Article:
James says, “Most people’s first position will be as a Production Assistant, usually as a general one, then working specifically for the wardrobe department. This is the best way to start working in a costume shop and to meet Costume Designers.” This is the first job most people can get. After they gain experience they will be able to move up to positions with more responsibility and eventually to becoming a Costume Designer. Some people start designing early on for small projects and then gradually move up to bigger ones. At that point, a person’s career will be determined by their skill level and ability to select interesting projects.
How Much Does a Costume Designer make?
Working as a Costume Designer is a freelance position so there aren’t any included benefits and rates vary project to project. James says, “When someone is trying to get their first job as a Costume Designer they’ll often do it on spec to build their portfolio.” Once a Costume Designer has proven him or herself and can display experience, they can get $300 to $600 per day, including prep, to work on an independent production. For a studio film, the rate is much higher, usually from $3,000 to $12,000 per day. It’s important for each individual to keep track of their worth and what rate they can get from the marketplace at any given moment.
Unions, Groups & Associations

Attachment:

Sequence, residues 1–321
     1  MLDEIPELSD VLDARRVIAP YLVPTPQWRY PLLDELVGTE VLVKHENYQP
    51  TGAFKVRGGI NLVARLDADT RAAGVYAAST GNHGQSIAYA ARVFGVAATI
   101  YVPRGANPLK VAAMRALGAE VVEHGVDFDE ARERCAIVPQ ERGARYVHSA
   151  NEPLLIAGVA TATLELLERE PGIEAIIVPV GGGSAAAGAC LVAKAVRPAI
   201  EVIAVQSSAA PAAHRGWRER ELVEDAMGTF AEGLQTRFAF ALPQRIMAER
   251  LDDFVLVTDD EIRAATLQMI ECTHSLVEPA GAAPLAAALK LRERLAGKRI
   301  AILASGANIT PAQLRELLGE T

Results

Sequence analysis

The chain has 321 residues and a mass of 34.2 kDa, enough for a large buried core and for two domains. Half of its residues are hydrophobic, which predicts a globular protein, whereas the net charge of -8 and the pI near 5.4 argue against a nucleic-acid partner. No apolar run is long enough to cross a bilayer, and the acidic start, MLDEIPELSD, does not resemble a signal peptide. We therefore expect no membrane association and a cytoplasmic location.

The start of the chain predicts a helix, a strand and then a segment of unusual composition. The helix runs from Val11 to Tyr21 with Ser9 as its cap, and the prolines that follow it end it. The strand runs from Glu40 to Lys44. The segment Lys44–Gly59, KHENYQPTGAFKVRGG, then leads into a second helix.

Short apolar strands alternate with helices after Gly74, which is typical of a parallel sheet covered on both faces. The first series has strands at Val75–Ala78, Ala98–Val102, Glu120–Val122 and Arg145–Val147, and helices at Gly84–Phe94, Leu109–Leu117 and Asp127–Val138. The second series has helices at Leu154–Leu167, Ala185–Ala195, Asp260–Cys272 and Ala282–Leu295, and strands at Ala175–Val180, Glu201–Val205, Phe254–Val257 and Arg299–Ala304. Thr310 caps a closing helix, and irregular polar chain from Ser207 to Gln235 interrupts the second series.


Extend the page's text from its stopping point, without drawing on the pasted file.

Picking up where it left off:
James recommends “checking out the unions for Costume. The local 892 is LA and it handles Costume Designers, Assistant Costume Designers, and Illustrators. Guild 705 takes care of everything else that’s on set, including Stitchers, Drapers, Shoppers and everything between those classifications. Understanding those two guilds will show how someone can advance within the industry. Outside of the guilds, there are different blogs, like Frocktalk and Clothes on Film. Many people in the industry have their own blogs, as well. So, if a particular Costume Designer speaks to an aspiring person’s aesthetic then they should follow them.”
When researching guilds, it’s good to remember that they are local so they have different rules. Figuring out what those are will also give more insight into the career path of becoming a Costume Designer.
- Individuals should familiarize themselves with costume history, particularly in film.
- Practice basic costume construction along with basic sewing.
- Watch movies and figure out why Costume Designers made a choice.
- Read scripts and do designs to build a portfolio for pitching Directors and Producers.
What is the single biggest suggestion you would give to someone wanting to get into this career?
“The best thing someone who wants to become a Costume Designer can do is to stay focused and try to keep working in the industry, even if it’s not as a Costume Designer. That could include working as a Stylist, sewing, or becoming a Buyer. Be prepared to use all of your skill sets available to stay in the game and keep learning. A person doesn’t have to just do costume design to improve their skills. What’s important is to always keep improving, no matter what, because it’s ultimately a marathon, not a sprint.”